The Church and the White Slave Traffic
The snuffling humbugs of the Churches have been busy offering cynical “good wishes” to the International Congress for the Suppression of the White Slave Traffic which has recently met at Caxton Hall, London. Anglican, Catholic, Nonconformist, and Jewish, they have all lipped their annual contribution of lies to the sickening catawaul. The dignitaries of all the Churches alike regularly mouth this cant about the “crusade” being ”the knight errantry of the twentieth century,” and about the “serried ranks of qualified and capable persons determined to put, it” (the White Slave Traffic) “down.” There is no need to offer them the jibe that it is on “sin” that they batten, and not on “virtue.” That fact has been rendered patent by their skulking conduct in face of what they know to be a growing evil.
If the White Slave Traffic were not a growing evil it is not at all likely that the master class would spend time, money, and energy in pretending—for it is only pretence—to put it down. We do not say that they would not wipe it off the face of the earth to-morrow if it were an evil that could be obliterated without pulling something else down with it, for the White Slave Traffic is of little more use to the capitalists at large than it is to the workers.
But they know, these sanctimonious churchmen and high born dames, in spite of their calculated efforts to draw a line between the two, that the White Slave Traffic and prostitution are inseparable.
The Countess of Aberdeen admitted this when she spoke of “poverty and want and low wages” as the causes “which were driving girl victims into the hands of the procurer.” For this does not mean that these girls are trapped, and decoyed, but that they are forced by the pressure of their economic wants; it does not mean that White Slavery is something different from and apart from prostitution, and which therefore can be separately attacked and eradicated, but that it forms the most convenient entrance to that life of shame into which “poverty and want and low wages” drive girl victims, with or without the aid of the procurer.
This, of course, puts an entirely different complexion on the matter. It explains why, of all those sleek and well-fed priests of every denomination, every one of whom knew as well as the Countess of Aberdeen that it is “poverty and want and low wages . . . which were driving girl victims into the hands of the procurer,” not one dared to declare that the true procurers are those who impose the poverty and want, the true criminals those who pay the low wages.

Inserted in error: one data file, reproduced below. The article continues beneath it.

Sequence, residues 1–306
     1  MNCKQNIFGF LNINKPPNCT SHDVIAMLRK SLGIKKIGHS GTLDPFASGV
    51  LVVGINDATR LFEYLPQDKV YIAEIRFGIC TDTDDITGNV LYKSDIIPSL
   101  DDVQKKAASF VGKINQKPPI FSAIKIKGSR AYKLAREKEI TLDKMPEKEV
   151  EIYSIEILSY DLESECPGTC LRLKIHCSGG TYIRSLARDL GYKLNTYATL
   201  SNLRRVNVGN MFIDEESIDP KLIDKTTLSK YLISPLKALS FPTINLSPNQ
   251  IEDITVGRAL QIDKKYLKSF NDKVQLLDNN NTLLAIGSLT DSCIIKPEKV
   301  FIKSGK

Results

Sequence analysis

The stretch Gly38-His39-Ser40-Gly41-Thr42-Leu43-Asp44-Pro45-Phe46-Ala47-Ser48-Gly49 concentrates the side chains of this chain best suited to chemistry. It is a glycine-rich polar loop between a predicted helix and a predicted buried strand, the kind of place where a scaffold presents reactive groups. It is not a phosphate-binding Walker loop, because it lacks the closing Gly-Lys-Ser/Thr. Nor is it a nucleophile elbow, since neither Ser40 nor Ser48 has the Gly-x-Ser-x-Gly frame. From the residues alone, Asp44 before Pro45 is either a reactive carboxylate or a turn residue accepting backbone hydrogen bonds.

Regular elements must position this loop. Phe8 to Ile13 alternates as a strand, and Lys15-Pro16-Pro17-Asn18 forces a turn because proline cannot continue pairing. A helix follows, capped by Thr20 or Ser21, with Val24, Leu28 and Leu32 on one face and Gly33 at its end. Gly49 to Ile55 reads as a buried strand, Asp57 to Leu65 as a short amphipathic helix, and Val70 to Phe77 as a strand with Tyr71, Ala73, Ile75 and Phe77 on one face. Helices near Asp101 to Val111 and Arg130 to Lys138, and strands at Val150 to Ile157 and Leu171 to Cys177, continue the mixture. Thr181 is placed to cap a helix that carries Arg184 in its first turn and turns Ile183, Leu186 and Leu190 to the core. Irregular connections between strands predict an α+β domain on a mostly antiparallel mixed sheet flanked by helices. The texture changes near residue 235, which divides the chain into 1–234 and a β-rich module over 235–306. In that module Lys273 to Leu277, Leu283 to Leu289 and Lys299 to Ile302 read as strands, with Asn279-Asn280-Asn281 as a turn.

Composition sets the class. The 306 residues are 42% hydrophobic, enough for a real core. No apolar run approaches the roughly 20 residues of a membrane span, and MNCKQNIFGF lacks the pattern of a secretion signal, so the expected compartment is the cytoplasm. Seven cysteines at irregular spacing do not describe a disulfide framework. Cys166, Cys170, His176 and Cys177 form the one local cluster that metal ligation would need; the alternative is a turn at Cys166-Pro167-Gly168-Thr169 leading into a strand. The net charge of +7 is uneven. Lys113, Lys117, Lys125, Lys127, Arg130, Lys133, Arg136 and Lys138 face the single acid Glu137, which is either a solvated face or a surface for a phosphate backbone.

It was not to be expected that any of the trained sycophants should have been so indiscreet as to have given vent to this home truth The cur doesn’t bite the hand that feeds it. No pillar of the Church is there in all this Christian land but lives on these poor girls’ shame, for they are paid to keep silent, or to confuse and perplex with cunning tongues as occasion may demand. And if hard facts had tongues, some poor girl victim might cry out from every mouthful of bread these fat and cosy preachers eat: “This is my body !” and from every cup they raise to their lips: “This is my blood.” The princely salaries which are paid to these holy men are nothing but their price for keeping their mouths shut concerning these things, their bribe for lying confusion concerning the social sores which arise from capitalist domination. One need not wonder that they often complain that the pay is insufficient for the job !
We solemnly declare that prostitution is a pillar of capitalist society, and that these churchmen, these delegates from all ends of the earth assembled, these spokesmen and spokeswomen of the “voluntary societies” of the rich, know it. We solemnly declare that the shame of the White Slave Traffic rests finally on the annointed heads of kings, the surpliced shoulders of bishops, the jewelled brows of countesses, the opulent founders of Vigilence Associations, the sanctimonious “knight-errants” of “womanhood, ignorant, misled, decoyed.” For all these have their fortunes founded on our sisters’ shame.
(Editorial, Socialist Standard, July 1913)